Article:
Fiona Alderman: Blogging from Rural France: Le Tour and the yellow jersey
Le Tour and the yellow jersey
On Tuesday the 11th of July, starting from early in the morning, the crowds came to watch the famous cycle race, Le Tour De France. This year it was in the Dordogne and passed by us by just half an hour. We were going to go but eventually watched it all on the TV. Marvellous aerial shots of the cyclists starting from Perigueux through to Bergerac and taking nearly 5 hours. I was amazed to see how many chateaux there were in this area, most of which I have visited, but from the air it takes on a completely different view – showing wonderful countryside that you wouldn’t see really otherwise. We had already seen Le Tour on the ground whilst on holiday here in the 1990’s when Barry made a short film about it which won an award at the time. To be there on the spot is great with the atmosphere and the French “joie de vivre “. Even if the procession of lead cyclists is over in a flash, the resounding feeling is of great pride and compassion between all nationalities. Two hours before the head of the race comes “la caravane” the publicity, the media, all the anticipation is there. The cheers, the clapping and the claxons, whilst souvenirs are thrown to the crowds out of the cars piled high with the teams' bicycles.
It first began in 1903, with participation firstly French, then the race was lengthened and it became worldwide. It is always in July and the route varies every year, travelling through all corners of France. It starts now in neighbouring countries also ie England and Belgium but for me it is always France that is home for Le Tour. It comprises 21 stages , averaging 3,500 km with 20 to 22 teams with 9 riders in each. There is the leader ie the yellow jersey “le maillot jaune “ the sprinters (the green jersey ) the mountain riders ( the polka dot jersey) , the young riders (the white jersey ) and also the fastest teams. All very technical and I don’t really follow it but I am impressed by the skill and the strength required. I watched a stage, again on tv, that was going up the side of the Alps that looked very steep but they just pedalled on and on seeming never to tire.
Doping however has been a problem for a number of years which finally caught up with many times winner Lance Armstrong. This caused grave problems for the race and its reputation.
The final stage is thrilling, ending in Paris around Les Champs Elysées. 8 times they go round it and at great speed too. I know, because we have seen it a few times and have walked up it but no one realises it is on a hill! The closeness of the cyclists is astonishing – one false move and it could be fatal. Congratulations go this year again to Chris Froome, the yellow jersey , his fourth win, and very well merited . Bravo!
A tribute to Simone Veil
Simone Veil has just died at the age of 89. A strong political figure who waged the war for the right to women’s abortion, she was the Minister for Health during the government of Valéry Giscard d’ Estaing in the 1970’s. Born in Nice within a modest family background, she was one of four children and the most talented, gaining her baccalaureat at just 16 years old.
However this was in 1944 during the Second World War and she was captured by the SS with the rest of her family and deported to Lithuania . She would never see her brother or father ever again. She was then taken with her mother and one of her sister’s, to the extermination camp at Auschwitz -Birkenau and transferred to Bergen -Belsen where her mother died of typhoid. A tragic beginning to her life but she survived.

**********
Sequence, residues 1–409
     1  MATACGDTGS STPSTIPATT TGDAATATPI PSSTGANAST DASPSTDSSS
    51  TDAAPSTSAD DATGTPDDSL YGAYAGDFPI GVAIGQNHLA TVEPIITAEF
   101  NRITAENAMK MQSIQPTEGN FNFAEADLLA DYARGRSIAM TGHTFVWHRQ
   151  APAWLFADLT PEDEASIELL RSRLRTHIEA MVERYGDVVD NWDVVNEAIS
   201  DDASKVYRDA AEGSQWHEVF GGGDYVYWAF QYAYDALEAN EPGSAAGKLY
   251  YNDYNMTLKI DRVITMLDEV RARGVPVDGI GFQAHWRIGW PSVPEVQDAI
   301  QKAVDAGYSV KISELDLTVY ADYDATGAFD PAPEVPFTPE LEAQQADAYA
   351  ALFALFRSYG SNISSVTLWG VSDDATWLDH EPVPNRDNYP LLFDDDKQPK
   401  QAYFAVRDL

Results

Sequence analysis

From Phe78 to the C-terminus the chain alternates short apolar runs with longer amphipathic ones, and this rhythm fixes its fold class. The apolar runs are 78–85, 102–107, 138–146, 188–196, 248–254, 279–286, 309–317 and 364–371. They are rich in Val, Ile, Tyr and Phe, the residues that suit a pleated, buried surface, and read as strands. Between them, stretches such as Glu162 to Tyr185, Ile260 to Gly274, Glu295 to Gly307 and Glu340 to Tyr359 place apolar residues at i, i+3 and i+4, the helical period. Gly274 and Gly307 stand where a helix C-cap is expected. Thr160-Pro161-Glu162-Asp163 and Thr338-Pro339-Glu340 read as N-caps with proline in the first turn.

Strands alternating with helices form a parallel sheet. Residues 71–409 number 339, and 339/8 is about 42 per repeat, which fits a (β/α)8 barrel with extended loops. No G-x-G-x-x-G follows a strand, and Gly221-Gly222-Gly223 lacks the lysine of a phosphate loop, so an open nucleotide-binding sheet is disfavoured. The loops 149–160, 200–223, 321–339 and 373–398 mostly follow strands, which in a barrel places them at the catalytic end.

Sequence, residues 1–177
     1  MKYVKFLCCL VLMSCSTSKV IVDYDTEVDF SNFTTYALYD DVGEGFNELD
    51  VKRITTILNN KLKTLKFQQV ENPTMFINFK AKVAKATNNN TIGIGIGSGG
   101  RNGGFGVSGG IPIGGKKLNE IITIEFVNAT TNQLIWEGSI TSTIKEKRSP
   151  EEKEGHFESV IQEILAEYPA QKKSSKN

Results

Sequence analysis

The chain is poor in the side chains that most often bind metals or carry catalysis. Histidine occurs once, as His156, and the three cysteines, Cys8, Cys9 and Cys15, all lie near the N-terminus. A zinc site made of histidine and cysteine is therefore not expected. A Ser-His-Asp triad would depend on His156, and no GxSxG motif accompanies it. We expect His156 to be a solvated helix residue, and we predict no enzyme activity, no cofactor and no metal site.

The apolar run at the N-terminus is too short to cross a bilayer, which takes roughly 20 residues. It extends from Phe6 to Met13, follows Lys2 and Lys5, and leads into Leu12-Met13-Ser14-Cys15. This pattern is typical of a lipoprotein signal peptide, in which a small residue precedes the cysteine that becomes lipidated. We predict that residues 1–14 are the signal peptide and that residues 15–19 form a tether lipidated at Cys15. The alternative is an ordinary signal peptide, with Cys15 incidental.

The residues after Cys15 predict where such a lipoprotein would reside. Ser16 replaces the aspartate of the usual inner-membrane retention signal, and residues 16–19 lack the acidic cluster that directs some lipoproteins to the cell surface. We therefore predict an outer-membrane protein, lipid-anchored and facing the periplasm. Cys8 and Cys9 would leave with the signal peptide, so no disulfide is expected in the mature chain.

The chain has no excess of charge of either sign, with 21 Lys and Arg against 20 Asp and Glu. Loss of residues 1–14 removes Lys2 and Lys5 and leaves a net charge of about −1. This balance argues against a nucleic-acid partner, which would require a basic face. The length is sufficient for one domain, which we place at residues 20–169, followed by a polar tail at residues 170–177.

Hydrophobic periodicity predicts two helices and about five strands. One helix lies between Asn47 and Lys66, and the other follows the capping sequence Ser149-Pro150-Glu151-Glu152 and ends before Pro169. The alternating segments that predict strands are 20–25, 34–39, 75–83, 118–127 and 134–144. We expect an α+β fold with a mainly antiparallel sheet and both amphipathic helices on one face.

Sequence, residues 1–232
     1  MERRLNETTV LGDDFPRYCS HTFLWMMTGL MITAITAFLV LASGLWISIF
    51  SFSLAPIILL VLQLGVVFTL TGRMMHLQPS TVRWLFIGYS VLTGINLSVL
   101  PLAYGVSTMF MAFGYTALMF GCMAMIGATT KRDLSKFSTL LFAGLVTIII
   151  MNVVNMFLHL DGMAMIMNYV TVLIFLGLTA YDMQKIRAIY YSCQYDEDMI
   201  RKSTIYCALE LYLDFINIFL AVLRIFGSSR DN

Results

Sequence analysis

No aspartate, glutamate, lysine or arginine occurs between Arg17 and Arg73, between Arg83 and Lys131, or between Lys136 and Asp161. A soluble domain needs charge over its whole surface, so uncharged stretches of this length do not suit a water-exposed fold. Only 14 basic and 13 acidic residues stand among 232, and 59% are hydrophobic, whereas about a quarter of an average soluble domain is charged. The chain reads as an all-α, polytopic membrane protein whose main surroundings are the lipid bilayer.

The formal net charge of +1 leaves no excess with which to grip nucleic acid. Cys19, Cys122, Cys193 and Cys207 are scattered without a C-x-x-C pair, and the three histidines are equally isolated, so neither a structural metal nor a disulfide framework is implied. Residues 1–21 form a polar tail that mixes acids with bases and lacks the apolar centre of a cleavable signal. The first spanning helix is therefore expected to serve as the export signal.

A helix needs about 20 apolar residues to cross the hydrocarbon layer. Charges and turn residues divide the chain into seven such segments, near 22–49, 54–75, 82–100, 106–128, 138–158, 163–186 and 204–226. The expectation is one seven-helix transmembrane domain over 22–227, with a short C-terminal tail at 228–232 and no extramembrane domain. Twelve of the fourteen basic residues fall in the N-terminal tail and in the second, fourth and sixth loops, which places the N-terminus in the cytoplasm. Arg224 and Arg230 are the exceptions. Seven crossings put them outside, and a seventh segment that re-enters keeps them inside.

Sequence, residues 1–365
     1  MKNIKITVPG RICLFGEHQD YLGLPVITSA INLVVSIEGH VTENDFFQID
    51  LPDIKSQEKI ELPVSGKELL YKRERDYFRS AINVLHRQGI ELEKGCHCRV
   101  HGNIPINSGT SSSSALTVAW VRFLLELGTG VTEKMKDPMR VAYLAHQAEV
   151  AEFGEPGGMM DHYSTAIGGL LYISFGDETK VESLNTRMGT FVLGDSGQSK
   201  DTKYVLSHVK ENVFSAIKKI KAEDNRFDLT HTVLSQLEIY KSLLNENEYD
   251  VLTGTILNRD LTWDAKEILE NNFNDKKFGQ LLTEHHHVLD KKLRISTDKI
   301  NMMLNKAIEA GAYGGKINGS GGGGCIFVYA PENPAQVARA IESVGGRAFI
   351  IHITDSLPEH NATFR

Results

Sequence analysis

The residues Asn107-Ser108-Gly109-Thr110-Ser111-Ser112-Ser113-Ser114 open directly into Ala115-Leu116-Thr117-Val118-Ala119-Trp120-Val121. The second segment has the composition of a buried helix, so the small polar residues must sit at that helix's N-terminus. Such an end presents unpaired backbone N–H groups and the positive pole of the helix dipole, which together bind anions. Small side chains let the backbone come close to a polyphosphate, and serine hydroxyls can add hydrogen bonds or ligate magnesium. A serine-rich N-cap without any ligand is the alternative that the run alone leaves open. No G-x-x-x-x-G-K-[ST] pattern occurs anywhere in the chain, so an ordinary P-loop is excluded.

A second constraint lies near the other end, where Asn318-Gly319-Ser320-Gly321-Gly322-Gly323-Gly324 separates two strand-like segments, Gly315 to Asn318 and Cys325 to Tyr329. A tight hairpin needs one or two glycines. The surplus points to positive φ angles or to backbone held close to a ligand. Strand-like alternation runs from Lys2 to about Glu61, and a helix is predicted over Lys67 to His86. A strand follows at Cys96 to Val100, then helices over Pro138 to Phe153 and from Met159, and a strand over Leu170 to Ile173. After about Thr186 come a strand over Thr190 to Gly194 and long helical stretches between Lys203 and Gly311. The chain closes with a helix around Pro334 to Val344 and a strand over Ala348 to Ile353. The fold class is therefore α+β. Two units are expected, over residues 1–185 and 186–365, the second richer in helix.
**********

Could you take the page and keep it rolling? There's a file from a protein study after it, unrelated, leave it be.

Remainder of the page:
Returning to France after the war , she would study law and politics in Paris and would meet her future husband, Antoine Veil. They would have three children and would be happily married for 67 years.
A brilliant career would unfold for her. In 1970, she became the Secretary General of the “Conseil supérieur de la magistrature “ where she would impose her own style and determination.. She would be elected in 1979 as the first woman Prime Minister of the European Parliament. By the 1990’s she would be in Jacques Chirac’s government but leaving politics finally to devote her time to write her memoirs of the Holocaust and to her Foundation for Shoah.
Her husband would die in 2013 , leaving her distraught and she would follow him a few years later.
It was hoped she would be buried in La Panthéon in Paris , where royalty and respected people are ceremoniously laid to rest ,but her wish was to be near her husband in the cemetery in Montparnasse. A brave and pioneering woman who is very much missed.
The great big mushroom
This last paragraph is about my neighbours. I know everyone in this street now , which I suppose is what it is like in small villages everywhere. My French neighbour next door had a big party for the Fête Nationale on 14th July and the next day she came bustling in to hand me some huge mushrooms. She excused herself hoping they had not made too much noise, and gave me these as a present. They are in fact cêpes which are wild mushrooms and have a unique taste. Barry made a delicious omelette with them .
We were woken up one morning early ie 6am to hear the police van coming to take away another neighbour for having cannabis on the property. My other neighbour across from him saw it all , as he is a very early riser. He told me that the man was taken away in handcuffs and that sniffer dogs had been put to work to find the drugs. Very dramatic but not unusual it seems in these parts . He has since returned and been warned but I wonder if he will pay much attention? There is always something happening and that “sleepy Salignac “ is not so quiet as people think.
That’s it for this month , until the next time. “Fifi’s story from rural France “ July 2017. www.salignacfoundation.com Dance and film courses in SW France.